Mark Zuckerberg, the co-founder and chief executive of Facebook, on a phone call to the White House last March, complained directly to President Obama about spying by the United States government on the activities of some of the social network's more than 1bn users. However, any half-clued in user of the service would be aware that the maze of privacy settings are designed to make it inconvenient to change them and a study published on Monday says Facebook’s new data use policy and terms of service are “in violation of European law.”
The study by academics commissioned by Belgium’s Privacy Commission says Facebook places “too much burden” on users, making it difficult to opt out of certain features and users are not provided with sufficient information about how the company uses personal data in adverts.
Monday’s study examined Facebook’s privacy settings and terms and conditions, which went into effect on January 31.
Facebook requires users to navigate a complex web of settings, including for privacy, apps, advertisements and followers while its default settings related to behavioural profiling or social ads, for example, are especially problematic, it said. Opt-outs for sponsored stories or of location data aren’t provided, it added.
The Financial Times says that the criticism comes as the EU attempts to come up with new rules on data protection. The bloc’s current laws on the topic date back to 1995, nearly a decade before Facebook was founded.
“As a company with international headquarters in Dublin, we routinely review product and policy updates, including this one, with our regulator, the Irish Data Protection Commissioner, who oversees our compliance with the EU Data Protection Directive as implemented under Irish law,” the company said in a statement.
It added that data policies have been audited twice and Ireland’s data protection agency found them to be “best practice” in 2012 — however Ireland's public agencies have a poor track record of standing up to prominent US firms.
While the Irish data commissioner may have been impressed in 2012, in August 2013 The New York Times reported that "the company is [ ] deliberately deleting information about specific privacy controls. Instead, Facebook decided it was better to send users to various other pages, such as one on advertising, to learn more about privacy issues and how to adjust the controls.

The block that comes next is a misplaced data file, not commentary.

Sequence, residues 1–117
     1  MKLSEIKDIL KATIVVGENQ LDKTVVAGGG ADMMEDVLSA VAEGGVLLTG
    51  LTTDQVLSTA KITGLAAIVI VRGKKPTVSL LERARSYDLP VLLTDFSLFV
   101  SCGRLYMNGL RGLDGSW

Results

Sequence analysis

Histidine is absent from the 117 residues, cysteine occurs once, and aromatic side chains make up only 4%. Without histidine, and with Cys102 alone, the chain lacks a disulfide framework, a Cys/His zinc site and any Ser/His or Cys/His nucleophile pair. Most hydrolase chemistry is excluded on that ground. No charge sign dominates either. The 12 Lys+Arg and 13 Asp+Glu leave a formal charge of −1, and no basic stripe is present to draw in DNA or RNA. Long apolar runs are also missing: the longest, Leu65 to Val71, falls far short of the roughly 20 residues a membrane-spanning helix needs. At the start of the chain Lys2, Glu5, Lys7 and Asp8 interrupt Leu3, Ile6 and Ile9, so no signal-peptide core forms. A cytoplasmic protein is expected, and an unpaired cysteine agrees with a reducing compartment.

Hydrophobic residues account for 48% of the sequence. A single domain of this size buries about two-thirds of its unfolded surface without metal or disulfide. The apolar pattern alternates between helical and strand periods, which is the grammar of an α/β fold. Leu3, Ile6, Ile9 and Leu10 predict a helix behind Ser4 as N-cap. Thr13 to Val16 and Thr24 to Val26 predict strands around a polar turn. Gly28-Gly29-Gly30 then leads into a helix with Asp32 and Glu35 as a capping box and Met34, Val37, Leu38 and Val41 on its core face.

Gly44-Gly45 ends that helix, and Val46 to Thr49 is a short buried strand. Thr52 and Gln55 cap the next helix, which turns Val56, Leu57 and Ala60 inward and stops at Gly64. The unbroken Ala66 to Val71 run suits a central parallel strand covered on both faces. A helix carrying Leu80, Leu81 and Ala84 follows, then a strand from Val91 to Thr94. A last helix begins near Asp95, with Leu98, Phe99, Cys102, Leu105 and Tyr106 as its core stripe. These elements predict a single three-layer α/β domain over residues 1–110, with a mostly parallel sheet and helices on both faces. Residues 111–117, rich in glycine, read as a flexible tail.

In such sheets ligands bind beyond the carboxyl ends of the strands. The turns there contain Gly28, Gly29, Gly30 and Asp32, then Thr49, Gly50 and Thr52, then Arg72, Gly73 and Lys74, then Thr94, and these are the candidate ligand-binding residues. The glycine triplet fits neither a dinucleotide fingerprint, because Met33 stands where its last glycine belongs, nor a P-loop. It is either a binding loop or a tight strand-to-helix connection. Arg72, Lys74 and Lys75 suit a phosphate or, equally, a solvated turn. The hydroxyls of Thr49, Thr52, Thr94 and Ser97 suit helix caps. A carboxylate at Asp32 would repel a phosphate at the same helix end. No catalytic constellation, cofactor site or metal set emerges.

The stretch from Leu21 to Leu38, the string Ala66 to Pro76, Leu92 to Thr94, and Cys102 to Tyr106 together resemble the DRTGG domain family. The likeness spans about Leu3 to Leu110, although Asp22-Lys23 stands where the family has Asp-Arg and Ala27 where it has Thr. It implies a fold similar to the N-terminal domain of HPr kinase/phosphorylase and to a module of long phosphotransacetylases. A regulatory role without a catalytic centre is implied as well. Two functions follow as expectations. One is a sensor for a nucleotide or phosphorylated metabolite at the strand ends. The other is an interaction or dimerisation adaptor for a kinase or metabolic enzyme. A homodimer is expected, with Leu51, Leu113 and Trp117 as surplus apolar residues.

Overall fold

For example, the data use policy will no longer offer a direct path to the control for opting out of your name and activities on the site being used as endorsements on ads sent to your friends.
Facebook is also doing nothing to simplify its maze of privacy settings. The company doesn’t offer clear links or explanations of the settings from its own 'Facebook and Privacy' page, and its Graph Search feature isn’t especially helpful for the task, either.
Privacy controls are still buried in at least six different menus. To plunge down the rabbit hole, click on the little lock icon next to your name in the top-left column of your news feed page. You will find privacy settings in the tabs for Privacy, Timeline and Tagging, Blocking, Followers, Apps and Ads."
In March 2014 Mark Zuckerberg rang President Obama to complain about a report that the US National Security Agency has masqueraded as a fake Facebook server, using the social media site as a launching pad to infect a target’s computer and exfiltrate files from a hard drive. In others, it has sent out spam emails laced with the malware, which can be tailored to covertly record audio from a computer’s microphone and take snapshots with its webcam.
Last week the president said that European scrutiny of companies such as Google and Facebook was driven by the “commercial interests” of the region’s tech companies who struggle to compete with better American rivals.
“We have owned the internet. Our companies have created it, expanded it, perfected it in ways that they can’t compete. And oftentimes what is portrayed as high-minded positions on issues sometimes is just designed to carve out some of their commercial interests,” Obama said in an interview with technology news site Re/Code.
The president has in the past criticised massive tax avoidance by such companies and his recent comments are seen as pandering.
“This point — that regulations are only there to shelter our companies — is out of line,” said a European Commission spokesperson. “Regulation should make it easier for non-EU companies to access the single market,” she went on. “It is in [US companies’] interest that things are enforced in a uniform manner.”
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